How to Uber Public Services

In the commercial world, successful businesses start with the customer. What do they want? What do they need? What will make their life easier, better, happier, and so on?

Look at Uber.

Hailing a taxi is not always a pleasant experience. You stand on the pavement, in the dark and the rain, in a strange city that you don’t know, hopefully waving your hand in the air as the headlights stream past you. You’re not sure you’ve got enough cash on you. Will the taxi driver accept card payments? They’ve not got enough change on them. They ‘forgot’ to start the meter. Or you spend 20 minutes sitting in a pokey, damp minicab office on the station rank, waiting for the next available car to arrive…

Uber understands and responds to these problems, by thinking through the user experience. You open up the app and clearly see the nearest drivers. You can check their ratings. You select one, choose a pick up point and wait there. At the other end, you hop out and go about your day. Uber charges your card and there’s no messing around with cash or receipts.

Months ago, I wrote a post asking how seriously we took the user experience in the design of public employment services specifically and public services more generally. I’ve ran solution design workshops in which the answer to the question, ‘who are our customers?’ was met with surprisingly blank looks.

This week, I’m going to outline one small, practical step – that you could take today – to change the way that you design your services, by starting to put your users front and centre.

Run an Empathy Mapping Workshop

Creating a series of Empathy Maps is a quick and easy way to start to brainstorm and visualise the needs of your service users. They are most useful at the beginning of the design process. If you are preparing for a new round of tendering, starting to think about what your solution for Work & Health Programme might look like, or you are exploring new markets and new services, you should get one in the calendar soon. If you’ve never, ever done an exercise like this before, then do one now!

Get the right people in the room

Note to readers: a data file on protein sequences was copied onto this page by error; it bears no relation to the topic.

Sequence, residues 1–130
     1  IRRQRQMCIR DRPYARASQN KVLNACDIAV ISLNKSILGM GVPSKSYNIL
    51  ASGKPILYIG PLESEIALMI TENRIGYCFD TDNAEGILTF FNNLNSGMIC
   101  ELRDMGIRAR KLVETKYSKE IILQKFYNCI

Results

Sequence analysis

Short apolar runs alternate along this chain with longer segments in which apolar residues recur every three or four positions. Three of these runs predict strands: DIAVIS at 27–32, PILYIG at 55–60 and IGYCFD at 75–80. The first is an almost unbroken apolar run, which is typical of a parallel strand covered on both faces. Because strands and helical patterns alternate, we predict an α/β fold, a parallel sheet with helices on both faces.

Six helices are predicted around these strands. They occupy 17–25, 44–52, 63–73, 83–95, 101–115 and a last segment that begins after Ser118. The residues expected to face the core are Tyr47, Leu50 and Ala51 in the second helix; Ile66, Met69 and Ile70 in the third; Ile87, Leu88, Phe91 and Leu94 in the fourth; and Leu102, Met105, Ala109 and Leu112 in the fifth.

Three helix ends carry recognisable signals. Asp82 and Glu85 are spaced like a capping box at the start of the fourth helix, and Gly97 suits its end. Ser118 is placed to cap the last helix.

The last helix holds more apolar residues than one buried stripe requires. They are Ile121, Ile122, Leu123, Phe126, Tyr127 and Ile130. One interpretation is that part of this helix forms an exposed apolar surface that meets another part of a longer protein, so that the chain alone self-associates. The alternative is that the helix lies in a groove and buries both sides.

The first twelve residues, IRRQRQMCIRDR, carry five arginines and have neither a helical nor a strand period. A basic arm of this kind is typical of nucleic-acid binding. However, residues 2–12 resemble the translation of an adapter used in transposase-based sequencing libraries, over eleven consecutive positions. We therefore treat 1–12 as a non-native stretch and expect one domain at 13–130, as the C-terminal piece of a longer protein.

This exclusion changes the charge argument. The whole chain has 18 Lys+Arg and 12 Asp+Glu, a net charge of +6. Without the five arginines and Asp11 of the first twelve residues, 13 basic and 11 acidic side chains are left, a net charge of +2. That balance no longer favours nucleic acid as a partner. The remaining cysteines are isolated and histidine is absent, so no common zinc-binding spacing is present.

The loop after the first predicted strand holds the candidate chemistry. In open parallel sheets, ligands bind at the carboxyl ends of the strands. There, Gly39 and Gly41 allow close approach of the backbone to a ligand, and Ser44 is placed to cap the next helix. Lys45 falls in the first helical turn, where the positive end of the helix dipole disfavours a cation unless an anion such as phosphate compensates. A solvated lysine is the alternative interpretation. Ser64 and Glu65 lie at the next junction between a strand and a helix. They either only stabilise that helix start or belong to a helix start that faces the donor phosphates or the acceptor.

You’ve got to get the right people in the room to get the best answers. You’ll want to identify the right people from your business development and operations teams. You’ll want to get front-line staff as well as senior management involved. You’ll also want to get your product development and IT teams in the room.

Allocate time

You should set aside at least two hours for this session, if not a little more. That will allow you to cover good ground without being rushed.

Identify your ‘archetypes’

Spend the first 30 minutes brainstorming six customer archetypes. Give them names and specific circumstances. Make them as real as you can. Use the front-line experience in the room to get this right. For example:

‘John is 50. He was a steelworker for 30 years until being made redundant 2 years ago. He’s not worked since. He’s suffering from depression and is drinking more than he should. He left school with few qualifications. He lacks basic IT skills. He’s got very specific ideas about the kind of work he will and won’t do. He’s resistant to support from his Advisor.’

Create your Empathy Maps

When you’ve got your archetypes, show the group this:

New-Customer-Empathy-Map

Image from Value Proposition Design, Alex Osterwalder

Spend the next hour using this template to create “10 Minute Personas” for each archetype. Put yourself in their shoes. Use your own experience and research. Bring everything you’ve got to the table. For each archetype, put an Empathy Map up on the wall. Hand out sticky labels, so that the team can get their thoughts into each quadrant.

You should get some really rich material here. It’s also really helpful to think of quotes – things that the service user might say. It helps build the picture. Members of the team with operational experience will be really, really helpful here.

Feedback

Use the final 30 minutes of the session to review your archetypes, identify common themes and key differences between them. Start to brainstorm ways that you might solve some of the problems you’ve uncovered. Don’t get into to much detail – that’s for another day!

What’s next?

If you dedicate some time to understanding your service users, you’ve taken the first step on the road to creating a service that genuinely helps them. You now need to build on this work. A few suggestions for next steps:

  • Get Design Workshops in the calendar – now you understand your users’ problems, you need to design the solutions
  • Carry out more research – survey current or potential service users, carry out some 121 interviews, organise focus groups. Make sure you’ve a process in place for collating all of the data your gather from these and feeding it into the design process
  • Share the Empathy Maps throughout the business – invite feedback and see what creative thinking they kickstart at all levels

The biggest challenge I’d lay down is this: start with a blank sheet of paper.

So often, our design is iterative, built upon the foundations of something that wasn’t quite the right answer in the first place. Ask your team the question – if we were starting from nothing, what would good look like? See what you come up with.

Are you putting service users at the centre of your design process?

Could you do more?

Do you use Empathy Maps to kickstart your solution design?

What other tools, techniques or suggestions do you have?

I’d love to hear your thoughts in the comments below, on Twitter or on LinkedIn.

If you’d like to talk through some of the ideas in the post in more detail, don’t hesitate to get in touch with us at ThinkWinDo.